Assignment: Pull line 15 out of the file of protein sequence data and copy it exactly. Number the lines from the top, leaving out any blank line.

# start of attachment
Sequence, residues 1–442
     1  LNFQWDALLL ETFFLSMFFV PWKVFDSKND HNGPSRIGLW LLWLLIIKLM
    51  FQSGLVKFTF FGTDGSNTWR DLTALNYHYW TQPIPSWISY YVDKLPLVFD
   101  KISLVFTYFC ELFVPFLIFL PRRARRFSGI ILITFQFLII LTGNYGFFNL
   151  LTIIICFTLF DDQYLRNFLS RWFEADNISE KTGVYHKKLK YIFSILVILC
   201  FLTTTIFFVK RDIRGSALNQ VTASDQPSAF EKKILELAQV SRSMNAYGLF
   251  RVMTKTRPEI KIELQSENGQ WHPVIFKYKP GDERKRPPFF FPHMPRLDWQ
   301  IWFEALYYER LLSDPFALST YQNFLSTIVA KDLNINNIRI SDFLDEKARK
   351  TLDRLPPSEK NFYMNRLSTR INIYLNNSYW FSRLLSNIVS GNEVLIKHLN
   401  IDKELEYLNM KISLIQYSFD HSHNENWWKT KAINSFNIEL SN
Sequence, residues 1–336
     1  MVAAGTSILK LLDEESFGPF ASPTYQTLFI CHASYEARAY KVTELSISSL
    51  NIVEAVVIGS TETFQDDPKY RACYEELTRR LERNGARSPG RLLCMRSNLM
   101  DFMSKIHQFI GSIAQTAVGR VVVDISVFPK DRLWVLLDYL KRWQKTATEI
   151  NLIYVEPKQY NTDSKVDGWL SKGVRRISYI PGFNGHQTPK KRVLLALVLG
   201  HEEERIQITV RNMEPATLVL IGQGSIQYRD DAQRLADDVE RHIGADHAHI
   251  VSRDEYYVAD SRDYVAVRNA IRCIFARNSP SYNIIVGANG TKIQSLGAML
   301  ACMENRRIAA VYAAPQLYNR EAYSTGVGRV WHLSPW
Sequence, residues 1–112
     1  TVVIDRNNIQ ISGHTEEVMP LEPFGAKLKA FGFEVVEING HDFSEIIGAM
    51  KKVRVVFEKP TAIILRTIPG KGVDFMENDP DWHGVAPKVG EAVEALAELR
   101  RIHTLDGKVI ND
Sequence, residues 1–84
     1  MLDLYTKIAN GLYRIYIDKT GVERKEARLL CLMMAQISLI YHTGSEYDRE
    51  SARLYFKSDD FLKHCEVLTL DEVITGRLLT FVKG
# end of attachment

   151  NLIYVEPKQY NTDSKVDGWL SKGVRRISYI PGFNGHQTPK KRVLLALVLG